A company did not pay its debt to a service provider and the director was personally demanded to pay the debt.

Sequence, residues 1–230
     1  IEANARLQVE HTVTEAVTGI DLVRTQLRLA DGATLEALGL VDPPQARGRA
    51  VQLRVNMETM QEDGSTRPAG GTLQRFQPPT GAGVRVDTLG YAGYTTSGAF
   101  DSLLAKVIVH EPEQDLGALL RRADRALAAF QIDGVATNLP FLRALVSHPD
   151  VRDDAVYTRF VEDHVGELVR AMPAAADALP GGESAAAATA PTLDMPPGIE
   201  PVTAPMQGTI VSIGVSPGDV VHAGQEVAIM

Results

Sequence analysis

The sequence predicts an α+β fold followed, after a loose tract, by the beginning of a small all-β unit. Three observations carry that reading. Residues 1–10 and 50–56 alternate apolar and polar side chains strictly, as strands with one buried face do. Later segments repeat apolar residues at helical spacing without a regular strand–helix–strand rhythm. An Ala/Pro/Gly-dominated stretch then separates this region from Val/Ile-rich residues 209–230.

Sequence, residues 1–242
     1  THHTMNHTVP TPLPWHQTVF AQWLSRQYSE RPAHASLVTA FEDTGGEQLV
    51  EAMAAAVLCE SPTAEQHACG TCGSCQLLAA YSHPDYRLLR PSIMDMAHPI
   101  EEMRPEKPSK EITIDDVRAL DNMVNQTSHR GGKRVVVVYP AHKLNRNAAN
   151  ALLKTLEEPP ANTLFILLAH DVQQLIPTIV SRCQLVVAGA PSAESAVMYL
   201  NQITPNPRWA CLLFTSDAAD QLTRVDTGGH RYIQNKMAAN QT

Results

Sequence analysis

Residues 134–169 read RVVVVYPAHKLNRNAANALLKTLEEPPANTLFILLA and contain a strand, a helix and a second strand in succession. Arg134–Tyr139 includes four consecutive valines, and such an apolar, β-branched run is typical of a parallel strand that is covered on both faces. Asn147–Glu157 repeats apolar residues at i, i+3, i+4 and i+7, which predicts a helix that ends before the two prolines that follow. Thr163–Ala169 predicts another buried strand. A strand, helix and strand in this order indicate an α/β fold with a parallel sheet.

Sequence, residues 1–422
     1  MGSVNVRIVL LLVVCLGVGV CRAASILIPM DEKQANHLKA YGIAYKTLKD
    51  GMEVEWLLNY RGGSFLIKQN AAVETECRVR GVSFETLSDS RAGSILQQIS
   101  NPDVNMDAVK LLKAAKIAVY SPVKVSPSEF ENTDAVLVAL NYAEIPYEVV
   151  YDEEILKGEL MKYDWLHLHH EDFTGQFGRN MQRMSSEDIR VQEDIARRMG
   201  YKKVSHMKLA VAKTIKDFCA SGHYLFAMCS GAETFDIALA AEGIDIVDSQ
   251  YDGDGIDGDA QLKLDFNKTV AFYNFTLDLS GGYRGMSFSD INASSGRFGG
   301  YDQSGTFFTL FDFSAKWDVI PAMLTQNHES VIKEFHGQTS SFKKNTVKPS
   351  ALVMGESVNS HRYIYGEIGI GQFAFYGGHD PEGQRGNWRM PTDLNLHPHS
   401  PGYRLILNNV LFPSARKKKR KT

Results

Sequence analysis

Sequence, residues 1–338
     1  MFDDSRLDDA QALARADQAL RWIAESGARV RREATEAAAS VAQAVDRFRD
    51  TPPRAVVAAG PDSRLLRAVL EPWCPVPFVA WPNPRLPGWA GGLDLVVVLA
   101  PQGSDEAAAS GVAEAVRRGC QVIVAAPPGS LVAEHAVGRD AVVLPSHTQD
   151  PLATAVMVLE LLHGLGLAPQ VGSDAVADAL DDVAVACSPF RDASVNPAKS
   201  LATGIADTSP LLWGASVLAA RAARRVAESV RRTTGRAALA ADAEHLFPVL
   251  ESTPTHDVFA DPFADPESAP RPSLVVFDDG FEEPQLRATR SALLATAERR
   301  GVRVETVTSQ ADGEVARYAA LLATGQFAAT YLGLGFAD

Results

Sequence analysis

The Court rejected the claim against the director and held that the corporate veil should not be pierced nor should the director be held personally liable for the company debt. Pursuant to the principle of separate legal entities, the liability of the company must be separated from the liability of its shareholders and the directors acting on its behalf. The incorporation veil is only pierced in exceptional cases, such as fraud or deprivation of a creditor. In some cases, it is possible to impose personal liability on a company officer when it acted in bad faith. Here, the director did not act with the intent to defraud or deprive the company creditor. The director had no involvement in the contractual agreement between the company and the service provider, he did not negotiate, he did not sign the agreement and he was not even involved in the stage after the execution, at the time when the company allegedly had to pay its debt. Therefore, the director did not act in bad faith and the mere fact of him being a director of the company does not justify piercing the corporate veil or holding him personally liable for company debts.